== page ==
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Safety and Health Practitioner (SHP) is first for independent health and safety news.
October 8, 2009

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Let’s work together to help arthritis sufferers

Employer understanding is a key factor in helping workers with arthritis keep their jobs, with flexible working and a sympathetic attitude by bosses the forms of support most valued by affected employees.

These are the findings of a survey by UK charity Arthritis Care carried out to mark World Arthritis Day today (12 October). Of those who responded to the survey who are still in work despite having arthritis, an emphatic 75 per cent said their employer had provided reasonable adjustments when requested.

A worrying 70 per cent of the survey’s non-working respondents directly blamed leaving their job on their arthritis. Almost two-thirds of these (64 per cent) said they had requested reasonable adjustments from their employer but only one in three of these (36 per cent) actually got them.

Said Arthritis Care’s director of public affairs, Rachel Haynes: “Our poll shows an inescapable link between an employer’s support for someone with arthritis and their ability to stay in work. Arthritis is the UK’s biggest cause of physical disability, and more must be done to enable people with the condition to have a full working life, not existence on disability benefit by default.”

The charity is now using the results to launch an ‘Employers’ Pledge’, urging bosses across the UK to affirm their commitment to improving life at work for people with arthritis. 

Added Haynes: “Although times are tough in today’s market, businesses should strive for inclusive workforces that genuinely reflect our society. This Pledge provides an opportunity for them to become better employers. Many bosses aren’t even aware of government support schemes like Access to Work, or how simple it can be to make adjustments for staff that need them. For example, giving employees with arthritis a supportive chair, or flexible hours to help them dodge the rush-hour crush, can make all the difference in helping them to stay working.”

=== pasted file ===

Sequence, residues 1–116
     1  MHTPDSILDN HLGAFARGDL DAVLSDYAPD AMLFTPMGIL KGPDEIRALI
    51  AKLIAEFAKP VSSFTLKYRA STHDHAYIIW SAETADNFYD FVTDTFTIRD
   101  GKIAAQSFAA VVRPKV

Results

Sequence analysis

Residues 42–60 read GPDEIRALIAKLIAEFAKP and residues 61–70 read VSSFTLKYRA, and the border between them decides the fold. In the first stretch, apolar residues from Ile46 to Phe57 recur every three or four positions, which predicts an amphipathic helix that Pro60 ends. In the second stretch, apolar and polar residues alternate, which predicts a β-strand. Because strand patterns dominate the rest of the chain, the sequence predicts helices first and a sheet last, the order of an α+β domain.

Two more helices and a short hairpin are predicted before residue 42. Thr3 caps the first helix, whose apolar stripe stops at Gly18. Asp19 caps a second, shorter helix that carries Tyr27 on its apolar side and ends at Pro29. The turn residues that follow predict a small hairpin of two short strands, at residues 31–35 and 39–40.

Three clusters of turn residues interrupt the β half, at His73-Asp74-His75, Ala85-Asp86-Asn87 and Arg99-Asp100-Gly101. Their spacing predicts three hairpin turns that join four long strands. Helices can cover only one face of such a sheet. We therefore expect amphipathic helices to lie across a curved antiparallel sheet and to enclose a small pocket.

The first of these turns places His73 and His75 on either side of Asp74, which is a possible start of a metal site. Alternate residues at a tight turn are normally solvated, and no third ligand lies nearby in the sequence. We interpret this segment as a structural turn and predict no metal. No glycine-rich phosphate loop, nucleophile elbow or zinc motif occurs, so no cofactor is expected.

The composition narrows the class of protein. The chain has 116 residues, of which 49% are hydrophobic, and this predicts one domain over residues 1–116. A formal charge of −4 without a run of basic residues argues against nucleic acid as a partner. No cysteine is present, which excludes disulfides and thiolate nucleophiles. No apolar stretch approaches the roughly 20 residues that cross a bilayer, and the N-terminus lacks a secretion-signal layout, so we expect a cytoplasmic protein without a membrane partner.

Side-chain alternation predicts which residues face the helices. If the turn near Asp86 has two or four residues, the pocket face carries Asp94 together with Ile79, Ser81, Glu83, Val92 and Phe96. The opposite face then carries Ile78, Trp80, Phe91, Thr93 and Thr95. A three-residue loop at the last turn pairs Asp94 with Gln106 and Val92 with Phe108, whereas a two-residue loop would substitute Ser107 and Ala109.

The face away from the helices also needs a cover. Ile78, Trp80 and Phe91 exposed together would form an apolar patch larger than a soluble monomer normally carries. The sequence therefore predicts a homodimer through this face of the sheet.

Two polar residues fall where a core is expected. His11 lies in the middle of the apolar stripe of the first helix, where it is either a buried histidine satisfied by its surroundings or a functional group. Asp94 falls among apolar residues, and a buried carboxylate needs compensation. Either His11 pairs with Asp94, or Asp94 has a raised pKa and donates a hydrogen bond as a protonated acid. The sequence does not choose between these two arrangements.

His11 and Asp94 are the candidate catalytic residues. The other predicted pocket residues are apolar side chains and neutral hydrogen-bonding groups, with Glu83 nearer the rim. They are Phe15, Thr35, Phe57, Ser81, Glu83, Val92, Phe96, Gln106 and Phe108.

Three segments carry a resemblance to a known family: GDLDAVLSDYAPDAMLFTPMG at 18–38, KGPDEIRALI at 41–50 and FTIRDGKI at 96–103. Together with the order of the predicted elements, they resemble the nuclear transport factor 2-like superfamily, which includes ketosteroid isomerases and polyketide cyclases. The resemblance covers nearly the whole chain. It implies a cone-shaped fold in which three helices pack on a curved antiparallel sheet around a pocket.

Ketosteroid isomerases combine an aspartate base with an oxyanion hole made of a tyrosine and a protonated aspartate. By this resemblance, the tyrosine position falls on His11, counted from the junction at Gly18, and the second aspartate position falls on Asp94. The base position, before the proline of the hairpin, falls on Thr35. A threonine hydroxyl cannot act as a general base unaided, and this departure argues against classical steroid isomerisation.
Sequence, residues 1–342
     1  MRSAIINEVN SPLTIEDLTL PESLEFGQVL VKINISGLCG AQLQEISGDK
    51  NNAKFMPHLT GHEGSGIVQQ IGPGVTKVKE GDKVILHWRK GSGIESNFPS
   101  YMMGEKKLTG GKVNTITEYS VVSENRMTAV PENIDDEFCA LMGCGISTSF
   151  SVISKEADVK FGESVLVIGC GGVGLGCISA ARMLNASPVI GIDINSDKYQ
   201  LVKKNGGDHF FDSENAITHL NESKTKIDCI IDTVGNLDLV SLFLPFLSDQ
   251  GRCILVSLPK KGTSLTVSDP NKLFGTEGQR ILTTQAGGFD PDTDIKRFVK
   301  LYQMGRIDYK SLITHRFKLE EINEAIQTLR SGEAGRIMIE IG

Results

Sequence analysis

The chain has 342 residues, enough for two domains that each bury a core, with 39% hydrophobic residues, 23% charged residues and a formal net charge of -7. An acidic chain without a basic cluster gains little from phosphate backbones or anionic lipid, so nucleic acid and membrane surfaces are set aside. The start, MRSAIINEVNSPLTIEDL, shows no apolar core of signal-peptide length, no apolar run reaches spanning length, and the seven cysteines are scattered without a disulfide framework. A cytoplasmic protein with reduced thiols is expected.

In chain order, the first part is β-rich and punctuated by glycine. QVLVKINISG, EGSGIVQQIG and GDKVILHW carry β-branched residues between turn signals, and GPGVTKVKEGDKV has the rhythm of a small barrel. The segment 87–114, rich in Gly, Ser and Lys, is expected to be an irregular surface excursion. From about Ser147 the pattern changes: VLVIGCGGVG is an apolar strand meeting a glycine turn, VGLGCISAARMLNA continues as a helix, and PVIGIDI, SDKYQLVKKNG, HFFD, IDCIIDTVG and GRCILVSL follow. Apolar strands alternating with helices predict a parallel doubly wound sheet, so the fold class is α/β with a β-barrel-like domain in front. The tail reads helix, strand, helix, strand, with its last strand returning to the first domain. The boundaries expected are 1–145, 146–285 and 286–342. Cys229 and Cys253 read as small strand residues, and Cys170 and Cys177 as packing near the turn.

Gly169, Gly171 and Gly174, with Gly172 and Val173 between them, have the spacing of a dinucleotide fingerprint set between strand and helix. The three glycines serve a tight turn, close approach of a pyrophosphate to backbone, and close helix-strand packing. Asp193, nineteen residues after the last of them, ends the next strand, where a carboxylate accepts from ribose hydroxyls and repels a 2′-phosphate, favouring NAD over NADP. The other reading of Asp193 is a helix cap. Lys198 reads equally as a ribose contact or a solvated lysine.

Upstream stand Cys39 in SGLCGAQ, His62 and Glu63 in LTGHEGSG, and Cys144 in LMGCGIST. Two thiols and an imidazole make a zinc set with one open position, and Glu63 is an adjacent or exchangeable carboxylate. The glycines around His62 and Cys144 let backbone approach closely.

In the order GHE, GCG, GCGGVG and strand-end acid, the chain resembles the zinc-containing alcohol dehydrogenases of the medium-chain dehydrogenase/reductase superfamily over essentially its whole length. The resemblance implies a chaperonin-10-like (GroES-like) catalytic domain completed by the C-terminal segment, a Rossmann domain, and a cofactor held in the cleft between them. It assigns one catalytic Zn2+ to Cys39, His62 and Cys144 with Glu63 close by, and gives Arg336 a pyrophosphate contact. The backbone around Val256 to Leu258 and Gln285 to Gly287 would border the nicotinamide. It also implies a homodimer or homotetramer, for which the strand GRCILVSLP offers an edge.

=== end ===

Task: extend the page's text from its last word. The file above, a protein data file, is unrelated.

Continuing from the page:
IOSH supported the findings, saying many workers are “excluded” from the workplace when health problems arise, even though they may still be capable of work. Said president, Nattasha Freeman: “Health and safety professionals can help to identify health problems people have, and refer them to an expert who, may prevent them leaving the workplace on sickness absence.

”If we become better at identifying people’s problems, and obtaining the correct treatment as early as possible, we have a good chance of preventing the problem becoming so serious that the individual has to leave the workplace for a lengthy period. This helps the employer too, as it reduces the costs associated with sickness absence and loss of production.”

For the week of World Arthritis Day, Arthritis Care’s free helpline will offer a special ‘Work’ service for anyone with questions about arthritis in the workplace, and a free information pack for callers. To find out more, visit

World Arthritis Day is organised by People with Arthritis/Rheumatism in Europe (PARE) and is held every year. It aims to raise awareness of arthritis, influence public policy and ensure all arthritis patients and carers are aware of support networks available to them. This year it is themed ‘Let’s Work Together’.

What makes us susceptible to burnout?

In this episode  of the Safety & Health Podcast, ‘Burnout, stress and being human’, Heather Beach is joined by Stacy Thomson to discuss burnout, perfectionism and how to deal with burnout as an individual, as management and as an organisation.

We provide an insight on how to tackle burnout and why mental health is such a taboo subject, particularly in the workplace.


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